Spring House Hunt

Love a home with a view? How much more you could pay

Certain views can double the price. Others will get sellers only 5 percent to 10 percent more for their investment. Get more real estate news at realestate.boston.com.

Waterfront-Home-Stock
This unobstructed view right on the water can add at least 75 percent to the price of a home. Adobe Stock

A house with a fabulous view can be hard for a home buyer to resist, but seeing the mountains, water, or city lights from the comfort of home comes at a price. The hazy part is figuring out what that added cost is — and whether it’s worth it.

That’s where real estate appraisers and analysts who study home values can help, even though they recognize there’s no simple answer.

‘‘Views are actually really difficult to quantify,’’ said Andy Krause, principal data scientist at Greenfield Advisors, a real estate research company. ‘‘It’s somewhat subjective. What makes a better water view? Do you want it to be wider? Do you want more of the water from a taller angle? You know, some of that is in the eye of the beholder.’’

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Assigning a dollar value can also be difficult because not all views are equal or valuable, and a view that’s sought-after in one location may not be in another.

In Manhattan, a place that overlooks a green space will cost you a lot extra. In the countryside? Not as much, said Mauricio Rodriguez, a real estate expert who chairs the finance department at Texas Christian University’s Neeley School of Business.

Putting a price on it

So how do you put a price on a variety of views? Krause, who builds automated valuation models that analyze home data, produced these estimates for what five different types of views might add to a home’s price in Seattle:

5 percent to 10 percent

For a home on flat ground with an unobstructed view of an open space or a park, a seller could add this to the price. In other words, if an identical home without a view is worth $500,000 elsewhere in Seattle, this view could boost the price to $525,000 or $550,000.

10 percent to 30 percent

A home partway up a hill with a partially obstructed water view over neighbors’ rooftops could increase the overall price this much. It depends on how much of your field of vision the view fills, both vertically and horizontally, Krause said. In this example, a home otherwise worth $500,000 might fetch $550,000 to $650,000.

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30 percent to 50 percent

This time Krause considered the same home as above, in the same location but with an unobstructed view. ‘‘You still have the neighbors above looking down into your house, but you have a nice water view,’’ he said. With this clearer view, the $500,000 home could sell for $650,000 to $750,000.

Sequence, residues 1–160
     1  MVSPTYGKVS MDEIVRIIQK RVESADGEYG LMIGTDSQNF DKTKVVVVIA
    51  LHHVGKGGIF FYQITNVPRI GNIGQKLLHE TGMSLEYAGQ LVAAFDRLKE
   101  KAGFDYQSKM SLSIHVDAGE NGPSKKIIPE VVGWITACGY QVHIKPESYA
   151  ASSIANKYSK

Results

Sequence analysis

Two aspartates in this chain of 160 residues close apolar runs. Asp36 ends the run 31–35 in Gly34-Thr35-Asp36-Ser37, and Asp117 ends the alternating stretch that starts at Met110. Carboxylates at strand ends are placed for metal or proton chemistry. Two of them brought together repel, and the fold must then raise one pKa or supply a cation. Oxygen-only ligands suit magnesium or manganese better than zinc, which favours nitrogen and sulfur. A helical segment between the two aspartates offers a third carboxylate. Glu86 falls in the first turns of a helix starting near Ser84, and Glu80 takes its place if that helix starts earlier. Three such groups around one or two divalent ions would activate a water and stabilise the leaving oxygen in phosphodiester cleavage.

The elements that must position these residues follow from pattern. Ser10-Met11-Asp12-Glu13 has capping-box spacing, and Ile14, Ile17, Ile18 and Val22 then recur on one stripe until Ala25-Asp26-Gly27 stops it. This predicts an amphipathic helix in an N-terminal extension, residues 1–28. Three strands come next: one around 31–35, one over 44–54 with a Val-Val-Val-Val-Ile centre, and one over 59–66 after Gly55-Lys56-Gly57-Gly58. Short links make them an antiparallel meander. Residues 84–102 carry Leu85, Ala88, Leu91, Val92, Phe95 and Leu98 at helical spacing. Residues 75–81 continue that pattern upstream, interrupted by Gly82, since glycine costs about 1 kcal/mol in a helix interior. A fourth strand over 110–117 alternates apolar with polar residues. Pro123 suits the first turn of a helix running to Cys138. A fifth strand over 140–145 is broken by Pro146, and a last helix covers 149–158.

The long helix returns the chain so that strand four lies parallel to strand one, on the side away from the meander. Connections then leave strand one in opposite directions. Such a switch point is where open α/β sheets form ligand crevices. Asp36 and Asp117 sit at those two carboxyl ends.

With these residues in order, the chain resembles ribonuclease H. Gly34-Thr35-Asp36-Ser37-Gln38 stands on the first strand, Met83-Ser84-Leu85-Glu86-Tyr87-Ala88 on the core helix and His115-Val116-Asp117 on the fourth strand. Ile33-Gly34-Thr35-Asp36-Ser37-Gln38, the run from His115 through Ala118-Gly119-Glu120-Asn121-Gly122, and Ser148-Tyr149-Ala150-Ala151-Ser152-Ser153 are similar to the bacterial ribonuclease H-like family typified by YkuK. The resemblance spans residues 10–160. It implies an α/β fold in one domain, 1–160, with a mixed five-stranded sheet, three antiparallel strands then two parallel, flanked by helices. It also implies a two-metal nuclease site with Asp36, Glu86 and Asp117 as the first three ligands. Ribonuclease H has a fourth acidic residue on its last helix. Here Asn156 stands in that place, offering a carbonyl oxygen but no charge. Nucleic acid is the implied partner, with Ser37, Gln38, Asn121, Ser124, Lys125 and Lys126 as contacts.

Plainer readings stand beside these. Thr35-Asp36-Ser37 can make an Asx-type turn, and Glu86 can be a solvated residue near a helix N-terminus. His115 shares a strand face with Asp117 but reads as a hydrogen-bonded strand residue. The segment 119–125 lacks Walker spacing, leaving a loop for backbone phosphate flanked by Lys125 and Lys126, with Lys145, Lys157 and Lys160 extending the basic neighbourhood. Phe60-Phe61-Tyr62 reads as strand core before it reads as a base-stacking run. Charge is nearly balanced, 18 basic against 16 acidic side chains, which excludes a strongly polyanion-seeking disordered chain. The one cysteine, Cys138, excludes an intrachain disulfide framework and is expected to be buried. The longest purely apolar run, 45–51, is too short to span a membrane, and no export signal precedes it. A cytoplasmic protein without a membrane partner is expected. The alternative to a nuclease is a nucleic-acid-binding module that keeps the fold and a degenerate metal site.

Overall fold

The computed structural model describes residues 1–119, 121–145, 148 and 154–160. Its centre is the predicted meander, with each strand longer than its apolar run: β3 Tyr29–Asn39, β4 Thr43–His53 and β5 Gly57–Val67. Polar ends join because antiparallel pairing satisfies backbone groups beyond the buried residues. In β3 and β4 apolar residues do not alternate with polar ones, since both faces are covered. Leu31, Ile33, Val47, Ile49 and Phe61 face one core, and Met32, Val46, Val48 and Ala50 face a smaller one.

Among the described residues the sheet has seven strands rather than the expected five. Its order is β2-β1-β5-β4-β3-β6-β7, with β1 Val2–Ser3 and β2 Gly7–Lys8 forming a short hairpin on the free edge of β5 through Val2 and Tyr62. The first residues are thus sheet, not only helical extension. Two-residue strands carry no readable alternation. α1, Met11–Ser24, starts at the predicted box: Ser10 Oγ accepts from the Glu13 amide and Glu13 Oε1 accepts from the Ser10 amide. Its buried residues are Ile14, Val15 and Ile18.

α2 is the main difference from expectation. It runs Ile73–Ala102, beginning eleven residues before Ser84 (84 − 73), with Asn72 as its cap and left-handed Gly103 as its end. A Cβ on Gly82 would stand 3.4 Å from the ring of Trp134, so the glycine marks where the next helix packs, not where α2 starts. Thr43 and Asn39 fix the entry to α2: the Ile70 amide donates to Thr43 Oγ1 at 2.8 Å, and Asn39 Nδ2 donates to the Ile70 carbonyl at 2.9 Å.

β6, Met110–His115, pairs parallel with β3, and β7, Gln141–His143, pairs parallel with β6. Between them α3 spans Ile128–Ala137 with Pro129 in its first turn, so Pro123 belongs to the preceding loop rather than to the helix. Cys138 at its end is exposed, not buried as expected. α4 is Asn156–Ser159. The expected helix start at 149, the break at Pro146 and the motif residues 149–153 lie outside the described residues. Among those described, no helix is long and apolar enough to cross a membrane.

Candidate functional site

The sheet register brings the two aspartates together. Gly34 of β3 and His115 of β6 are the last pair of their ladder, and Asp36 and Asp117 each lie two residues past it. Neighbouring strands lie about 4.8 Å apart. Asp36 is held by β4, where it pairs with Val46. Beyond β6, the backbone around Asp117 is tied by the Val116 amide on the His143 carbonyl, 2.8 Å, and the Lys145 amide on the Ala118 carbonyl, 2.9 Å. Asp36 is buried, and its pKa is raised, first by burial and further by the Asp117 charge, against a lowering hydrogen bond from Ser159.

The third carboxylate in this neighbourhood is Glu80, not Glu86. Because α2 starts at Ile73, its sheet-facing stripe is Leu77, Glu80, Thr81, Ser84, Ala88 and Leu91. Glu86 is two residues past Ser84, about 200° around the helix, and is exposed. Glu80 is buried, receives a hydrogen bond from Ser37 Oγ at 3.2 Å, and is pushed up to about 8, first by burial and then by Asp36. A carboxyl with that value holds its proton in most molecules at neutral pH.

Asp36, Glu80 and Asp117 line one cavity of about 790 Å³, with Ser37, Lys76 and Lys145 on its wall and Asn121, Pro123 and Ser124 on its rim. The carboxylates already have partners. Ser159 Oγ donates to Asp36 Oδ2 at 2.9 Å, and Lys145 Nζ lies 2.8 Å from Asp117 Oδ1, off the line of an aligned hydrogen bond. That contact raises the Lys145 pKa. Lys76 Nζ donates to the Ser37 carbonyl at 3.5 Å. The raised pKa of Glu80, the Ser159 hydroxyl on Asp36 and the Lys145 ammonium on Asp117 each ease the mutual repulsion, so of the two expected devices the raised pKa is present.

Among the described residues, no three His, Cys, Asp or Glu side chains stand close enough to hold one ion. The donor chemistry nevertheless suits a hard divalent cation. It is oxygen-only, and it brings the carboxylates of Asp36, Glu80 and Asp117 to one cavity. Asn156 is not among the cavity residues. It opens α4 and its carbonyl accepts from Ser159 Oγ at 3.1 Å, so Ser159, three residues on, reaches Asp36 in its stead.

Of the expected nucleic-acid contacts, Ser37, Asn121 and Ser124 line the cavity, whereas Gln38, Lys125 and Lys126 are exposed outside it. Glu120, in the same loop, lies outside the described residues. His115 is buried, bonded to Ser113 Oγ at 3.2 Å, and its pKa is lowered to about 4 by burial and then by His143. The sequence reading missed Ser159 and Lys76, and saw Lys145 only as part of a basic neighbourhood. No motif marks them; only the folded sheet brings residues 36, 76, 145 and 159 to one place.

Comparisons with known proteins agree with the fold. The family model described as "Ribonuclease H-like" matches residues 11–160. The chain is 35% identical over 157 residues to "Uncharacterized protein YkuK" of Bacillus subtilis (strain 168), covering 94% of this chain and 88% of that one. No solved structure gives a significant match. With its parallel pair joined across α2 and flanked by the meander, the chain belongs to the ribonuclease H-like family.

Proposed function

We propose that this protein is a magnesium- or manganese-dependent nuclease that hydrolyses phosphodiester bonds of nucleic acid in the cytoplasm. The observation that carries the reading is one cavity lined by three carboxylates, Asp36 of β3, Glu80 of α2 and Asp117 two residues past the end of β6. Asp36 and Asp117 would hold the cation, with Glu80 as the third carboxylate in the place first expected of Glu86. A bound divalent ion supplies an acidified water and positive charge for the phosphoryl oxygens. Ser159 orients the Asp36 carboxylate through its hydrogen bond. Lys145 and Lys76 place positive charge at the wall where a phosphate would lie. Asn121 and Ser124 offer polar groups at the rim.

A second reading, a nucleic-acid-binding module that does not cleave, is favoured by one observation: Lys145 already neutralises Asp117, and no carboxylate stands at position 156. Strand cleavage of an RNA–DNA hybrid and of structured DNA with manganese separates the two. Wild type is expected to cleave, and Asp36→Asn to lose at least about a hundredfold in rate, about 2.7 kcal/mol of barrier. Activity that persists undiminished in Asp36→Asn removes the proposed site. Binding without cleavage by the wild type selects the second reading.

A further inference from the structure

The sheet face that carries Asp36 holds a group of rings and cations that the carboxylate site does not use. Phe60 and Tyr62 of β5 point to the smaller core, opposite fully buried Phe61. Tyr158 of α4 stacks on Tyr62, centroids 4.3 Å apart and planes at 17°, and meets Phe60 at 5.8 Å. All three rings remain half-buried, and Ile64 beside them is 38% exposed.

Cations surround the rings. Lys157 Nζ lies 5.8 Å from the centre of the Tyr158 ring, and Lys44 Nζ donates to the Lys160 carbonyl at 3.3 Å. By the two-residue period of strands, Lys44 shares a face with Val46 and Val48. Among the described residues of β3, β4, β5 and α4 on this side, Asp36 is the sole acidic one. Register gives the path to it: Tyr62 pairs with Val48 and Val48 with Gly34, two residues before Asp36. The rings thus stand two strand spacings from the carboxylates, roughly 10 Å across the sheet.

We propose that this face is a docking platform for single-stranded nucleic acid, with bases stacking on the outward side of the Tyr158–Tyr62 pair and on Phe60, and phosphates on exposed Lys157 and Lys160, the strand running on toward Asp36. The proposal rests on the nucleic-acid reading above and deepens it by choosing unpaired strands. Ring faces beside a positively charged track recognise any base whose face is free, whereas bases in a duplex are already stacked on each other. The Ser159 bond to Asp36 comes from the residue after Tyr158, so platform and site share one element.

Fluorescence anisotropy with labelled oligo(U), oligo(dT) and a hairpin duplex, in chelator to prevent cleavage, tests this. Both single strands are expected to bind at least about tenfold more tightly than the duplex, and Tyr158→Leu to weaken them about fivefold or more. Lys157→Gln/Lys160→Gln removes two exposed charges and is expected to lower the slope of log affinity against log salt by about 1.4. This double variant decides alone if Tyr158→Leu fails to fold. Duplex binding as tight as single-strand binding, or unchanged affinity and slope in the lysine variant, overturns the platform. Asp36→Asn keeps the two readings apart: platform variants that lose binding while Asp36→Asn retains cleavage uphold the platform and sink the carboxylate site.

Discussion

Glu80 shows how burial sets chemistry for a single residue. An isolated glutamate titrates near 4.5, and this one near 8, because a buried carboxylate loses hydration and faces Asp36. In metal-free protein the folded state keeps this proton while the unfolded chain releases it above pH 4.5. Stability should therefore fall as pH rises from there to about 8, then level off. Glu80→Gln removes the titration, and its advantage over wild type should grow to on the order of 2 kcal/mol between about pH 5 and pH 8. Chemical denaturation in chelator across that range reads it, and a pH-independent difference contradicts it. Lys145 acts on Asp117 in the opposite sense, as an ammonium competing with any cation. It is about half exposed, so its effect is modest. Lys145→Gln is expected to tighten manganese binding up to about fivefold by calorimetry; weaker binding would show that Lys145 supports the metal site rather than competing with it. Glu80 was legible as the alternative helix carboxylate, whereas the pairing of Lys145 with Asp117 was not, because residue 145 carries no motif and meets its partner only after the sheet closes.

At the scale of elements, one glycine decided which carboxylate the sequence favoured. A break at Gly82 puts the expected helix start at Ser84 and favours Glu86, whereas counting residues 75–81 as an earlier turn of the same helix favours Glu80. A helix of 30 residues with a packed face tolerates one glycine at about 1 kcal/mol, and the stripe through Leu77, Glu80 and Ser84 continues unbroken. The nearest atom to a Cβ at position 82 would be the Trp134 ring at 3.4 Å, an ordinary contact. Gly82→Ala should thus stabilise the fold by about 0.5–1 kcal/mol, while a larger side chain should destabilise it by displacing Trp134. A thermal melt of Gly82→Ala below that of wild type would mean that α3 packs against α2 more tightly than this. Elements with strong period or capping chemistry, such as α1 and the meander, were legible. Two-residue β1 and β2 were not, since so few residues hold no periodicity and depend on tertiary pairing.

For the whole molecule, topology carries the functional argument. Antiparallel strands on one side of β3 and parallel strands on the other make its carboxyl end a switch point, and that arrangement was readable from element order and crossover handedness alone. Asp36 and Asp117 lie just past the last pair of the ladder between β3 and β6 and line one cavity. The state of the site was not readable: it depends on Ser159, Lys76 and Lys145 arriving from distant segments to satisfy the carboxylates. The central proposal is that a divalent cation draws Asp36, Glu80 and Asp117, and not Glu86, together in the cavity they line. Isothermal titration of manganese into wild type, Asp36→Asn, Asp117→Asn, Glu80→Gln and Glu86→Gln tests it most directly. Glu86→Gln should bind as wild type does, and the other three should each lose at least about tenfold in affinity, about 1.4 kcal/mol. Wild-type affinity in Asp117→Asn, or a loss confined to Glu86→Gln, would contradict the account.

50 percent to 75 percent

Next, envision a home atop a hill with an unobstructed cityscape or open-space vista. To get the $500,000 home in this location, a buyer might have to pay $750,000 to $875,000.

75 percent to 100 percent or more

Finally, imagine a house with a stunning, unobstructed view of a big lake or the ocean. This type of prized view can boost the value of a home worth $500,000 in an ordinary location to $1 million or more, Krause said.

How to shop for a home with a view

If having a view is a must, here are a couple of tips from the experts:

Find out whether the view is protected

Frank Lucco, a residential real estate appraiser and consultant in Houston, once had clients with an expensive home who sued after a high-rise office tower went up across the street. The building disrupted their view and gave office workers one, too: into their formerly private backyard and pool. The lawsuit was dismissed. Before you place a bid on a home, ask planning authorities what the zoning allows and whether high-impact developments are planned nearby, Lucco advised.

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Look for diamonds in the rough

Bargain hunters can occasionally find views for cheap because poor design — walls where a big window or a deck might go, for instance — blocks what should be a nice view.

‘‘It may cost you $15,000 to $30,000 to do a very limited remodel that gives you a better angle or higher vantage point or a rooftop deck,’’ Krause said. But that could be a deal compared with buying a home that already takes full advantage of its view. Lucco suggests inspecting the home’s deed for restrictions limiting additions to the height. Pay careful attention to homeowner association rules, too.

A view can be one of the most attractive aspects of a home. Knowing that you paid the right price for the view can make it that much more enjoyable.

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